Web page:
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12 minutes ago, bluewave said:

Looks like we have the strongest +IOD since the 97-98 super El Niño. 

http://www.bom.gov.au/climate/enso/

The very strong positive Indian Ocean Dipole event persists, characterised by cooler waters to the northwest of Australia and warmer waters further west. Values of the IOD index over the past fortnight have strengthened, and the latest value of +1.76 °C is the strongest positive weekly value since at least 2001.

 

 

 

94-95 and 97-98 winters were both big duds around here...

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14 hours ago, forkyfork said:

at least 6 months until it's this warm again

you'll easily put up 90 this March, maybe 90's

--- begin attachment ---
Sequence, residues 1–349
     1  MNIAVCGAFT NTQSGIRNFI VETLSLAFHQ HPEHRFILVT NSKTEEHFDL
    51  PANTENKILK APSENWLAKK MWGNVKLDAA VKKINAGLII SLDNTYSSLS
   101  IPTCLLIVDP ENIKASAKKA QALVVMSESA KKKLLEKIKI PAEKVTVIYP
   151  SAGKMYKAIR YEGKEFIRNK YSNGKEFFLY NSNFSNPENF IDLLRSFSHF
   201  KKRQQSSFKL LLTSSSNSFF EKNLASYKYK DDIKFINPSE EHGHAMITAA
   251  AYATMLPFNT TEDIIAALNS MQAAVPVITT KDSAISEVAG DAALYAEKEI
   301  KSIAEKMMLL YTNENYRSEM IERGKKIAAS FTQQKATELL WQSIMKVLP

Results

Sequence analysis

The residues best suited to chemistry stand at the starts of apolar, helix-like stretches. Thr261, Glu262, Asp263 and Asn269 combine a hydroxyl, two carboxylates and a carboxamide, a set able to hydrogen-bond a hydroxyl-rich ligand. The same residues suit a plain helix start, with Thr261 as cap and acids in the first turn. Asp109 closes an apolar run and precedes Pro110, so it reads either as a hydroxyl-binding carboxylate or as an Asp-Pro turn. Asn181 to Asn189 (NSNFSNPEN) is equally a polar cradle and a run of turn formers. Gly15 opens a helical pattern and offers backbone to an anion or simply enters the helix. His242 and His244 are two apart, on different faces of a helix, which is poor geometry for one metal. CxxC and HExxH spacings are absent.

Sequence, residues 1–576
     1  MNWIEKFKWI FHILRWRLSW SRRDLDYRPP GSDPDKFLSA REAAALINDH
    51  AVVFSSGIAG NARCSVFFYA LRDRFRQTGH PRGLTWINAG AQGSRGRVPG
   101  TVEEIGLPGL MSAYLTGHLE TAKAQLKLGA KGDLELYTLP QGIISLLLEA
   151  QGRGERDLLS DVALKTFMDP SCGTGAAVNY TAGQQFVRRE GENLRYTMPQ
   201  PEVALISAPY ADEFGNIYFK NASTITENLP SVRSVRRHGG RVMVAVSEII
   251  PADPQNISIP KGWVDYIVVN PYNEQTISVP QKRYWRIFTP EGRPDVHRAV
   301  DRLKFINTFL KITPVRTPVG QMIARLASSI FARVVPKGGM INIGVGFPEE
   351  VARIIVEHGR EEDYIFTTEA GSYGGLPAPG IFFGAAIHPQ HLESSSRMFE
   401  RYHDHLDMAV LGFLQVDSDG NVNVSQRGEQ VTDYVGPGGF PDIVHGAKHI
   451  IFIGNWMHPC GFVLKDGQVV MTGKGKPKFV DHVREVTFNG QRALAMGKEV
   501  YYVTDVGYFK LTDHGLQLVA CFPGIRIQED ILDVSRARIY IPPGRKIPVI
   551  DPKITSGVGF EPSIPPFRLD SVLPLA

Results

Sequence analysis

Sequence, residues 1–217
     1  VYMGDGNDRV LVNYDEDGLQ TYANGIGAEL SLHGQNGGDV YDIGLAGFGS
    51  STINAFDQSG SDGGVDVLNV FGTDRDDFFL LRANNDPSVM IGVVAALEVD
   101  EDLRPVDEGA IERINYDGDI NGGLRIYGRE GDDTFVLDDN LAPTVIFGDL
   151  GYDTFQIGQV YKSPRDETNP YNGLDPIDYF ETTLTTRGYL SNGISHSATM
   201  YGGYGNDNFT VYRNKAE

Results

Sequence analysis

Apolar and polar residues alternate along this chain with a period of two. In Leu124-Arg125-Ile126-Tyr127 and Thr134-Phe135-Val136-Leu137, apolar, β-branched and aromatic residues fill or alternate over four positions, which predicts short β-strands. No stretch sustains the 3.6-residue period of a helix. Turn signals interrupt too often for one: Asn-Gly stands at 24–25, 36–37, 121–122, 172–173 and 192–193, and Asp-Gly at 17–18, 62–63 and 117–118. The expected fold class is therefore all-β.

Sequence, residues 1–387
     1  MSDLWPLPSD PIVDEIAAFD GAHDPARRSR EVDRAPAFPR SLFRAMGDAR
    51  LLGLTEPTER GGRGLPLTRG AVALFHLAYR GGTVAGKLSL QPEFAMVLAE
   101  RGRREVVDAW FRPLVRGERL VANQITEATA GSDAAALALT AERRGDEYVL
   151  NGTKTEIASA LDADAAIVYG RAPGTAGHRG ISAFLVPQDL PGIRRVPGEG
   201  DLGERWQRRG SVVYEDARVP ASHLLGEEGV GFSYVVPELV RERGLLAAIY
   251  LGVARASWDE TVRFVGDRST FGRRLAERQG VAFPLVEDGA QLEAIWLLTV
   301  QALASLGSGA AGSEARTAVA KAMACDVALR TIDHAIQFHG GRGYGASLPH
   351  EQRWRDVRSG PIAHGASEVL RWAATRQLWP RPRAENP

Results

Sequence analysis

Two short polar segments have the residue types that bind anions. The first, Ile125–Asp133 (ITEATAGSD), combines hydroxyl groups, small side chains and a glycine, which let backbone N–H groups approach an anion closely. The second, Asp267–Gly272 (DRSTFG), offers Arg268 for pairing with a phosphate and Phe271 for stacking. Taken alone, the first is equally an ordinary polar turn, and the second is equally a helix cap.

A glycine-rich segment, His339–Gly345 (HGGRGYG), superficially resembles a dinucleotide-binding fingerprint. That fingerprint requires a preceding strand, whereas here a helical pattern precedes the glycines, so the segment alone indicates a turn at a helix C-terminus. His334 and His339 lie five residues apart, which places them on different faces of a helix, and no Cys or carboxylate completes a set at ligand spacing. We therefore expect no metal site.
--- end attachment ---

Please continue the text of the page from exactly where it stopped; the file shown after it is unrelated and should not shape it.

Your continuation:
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40 minutes ago, Brian5671 said:

94-95 and 97-98 winters were both big duds around here...

The IOD is  just 1 piece of the puzzle going forward this year.

How will the IOD interact with the ENSO? + IOD events usually occur with with El Niño’s. We currently also have a more Nino-like -SOI. There is a very strong +PMM and +NPM. While ENSO is currently neutral, some warming has been occurring in recent weeks. What if any influence will it have in the MJO?  What about the stratosphere and phase of the NAO?

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1 hour ago, Brian5671 said:

94-95 and 97-98 winters were both big duds around here...

Those two were also east based el nino years. Which we don't have this year. Plus, everything @bluewave mentioned. 

1994

Bhg6JLL.gif

 

1997

mnGhjNq.gif